Sunday, September 29, 2002

Bob Herbert makes some good points about judicial nominations:

But the appeals courts, divided into 13 regional circuits, are crucial arbiters and shapers of the American way of life. How easy or difficult will it be for a woman to get an abortion? How safe can we make the food supply? What happens at the many intersections of the environment and commerce? What's up with civil rights and civil liberties?

Whoever controls the appeals courts has tremendous say over whose values will prevail in the United States. And no one has a deeper understanding of that than America's right-wing conservatives.
This is why I'm not about to indict the democratic leadership on their attempts to refocus the debate to the economy by whatever means are necessary so as to win the election. Even if the war in Iraq goes swimmingly, the Bush administration has repeatedly demonstrated that if they were empowered with a double majority in Congress they'd push through more partisan legislation and partisan judges than Americans have seen in decades.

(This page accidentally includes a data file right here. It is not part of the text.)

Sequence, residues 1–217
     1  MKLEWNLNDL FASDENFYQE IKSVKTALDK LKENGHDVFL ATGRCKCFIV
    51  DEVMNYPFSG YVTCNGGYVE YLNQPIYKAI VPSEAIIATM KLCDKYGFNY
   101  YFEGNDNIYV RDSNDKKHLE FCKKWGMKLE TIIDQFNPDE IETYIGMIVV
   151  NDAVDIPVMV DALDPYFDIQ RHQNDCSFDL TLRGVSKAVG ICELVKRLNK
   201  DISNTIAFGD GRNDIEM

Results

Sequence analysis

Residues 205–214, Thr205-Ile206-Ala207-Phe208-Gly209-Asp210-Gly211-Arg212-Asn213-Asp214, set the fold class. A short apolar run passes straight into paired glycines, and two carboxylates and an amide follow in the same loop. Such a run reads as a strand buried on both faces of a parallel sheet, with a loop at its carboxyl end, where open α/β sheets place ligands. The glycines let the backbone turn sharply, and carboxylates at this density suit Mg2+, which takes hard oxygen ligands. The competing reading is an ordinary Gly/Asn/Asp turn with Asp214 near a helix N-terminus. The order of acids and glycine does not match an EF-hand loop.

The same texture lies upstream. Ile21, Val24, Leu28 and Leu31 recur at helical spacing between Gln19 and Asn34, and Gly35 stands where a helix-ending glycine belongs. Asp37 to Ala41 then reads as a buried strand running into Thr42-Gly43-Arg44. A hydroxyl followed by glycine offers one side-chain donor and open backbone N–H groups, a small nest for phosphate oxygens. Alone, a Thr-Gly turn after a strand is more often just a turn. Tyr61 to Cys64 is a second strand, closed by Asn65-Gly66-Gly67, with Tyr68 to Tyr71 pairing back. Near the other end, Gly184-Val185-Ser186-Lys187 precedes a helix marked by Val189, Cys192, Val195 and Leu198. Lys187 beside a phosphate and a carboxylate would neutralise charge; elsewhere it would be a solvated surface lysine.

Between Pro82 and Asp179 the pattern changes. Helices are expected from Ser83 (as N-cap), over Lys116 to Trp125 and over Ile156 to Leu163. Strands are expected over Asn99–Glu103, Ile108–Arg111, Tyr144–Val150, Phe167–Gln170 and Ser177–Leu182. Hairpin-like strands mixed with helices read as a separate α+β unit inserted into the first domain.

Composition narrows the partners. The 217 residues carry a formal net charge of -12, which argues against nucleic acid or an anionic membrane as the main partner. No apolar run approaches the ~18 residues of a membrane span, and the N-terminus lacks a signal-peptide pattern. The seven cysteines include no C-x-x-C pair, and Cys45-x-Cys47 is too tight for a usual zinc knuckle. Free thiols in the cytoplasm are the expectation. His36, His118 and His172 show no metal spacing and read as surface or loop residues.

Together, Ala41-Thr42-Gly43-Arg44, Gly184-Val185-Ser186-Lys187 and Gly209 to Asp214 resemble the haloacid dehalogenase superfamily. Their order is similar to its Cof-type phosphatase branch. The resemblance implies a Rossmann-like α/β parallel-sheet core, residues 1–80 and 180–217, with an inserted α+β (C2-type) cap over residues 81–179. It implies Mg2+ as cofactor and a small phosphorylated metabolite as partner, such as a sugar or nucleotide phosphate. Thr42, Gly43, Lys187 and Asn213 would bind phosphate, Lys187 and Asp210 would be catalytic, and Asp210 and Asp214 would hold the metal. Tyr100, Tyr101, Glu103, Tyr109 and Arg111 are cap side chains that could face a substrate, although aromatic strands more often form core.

I'm sure they wouldn't lose a wink of sleep about it. Fairness, representativeness, and consultation are for the other guys. After all, why bother screwing around with that sort of stuff when you just know that your side (neo-conservatives) is right and that the other guys are both wrong and evil? Even when "the other guys" are the poor centrists in your own party?

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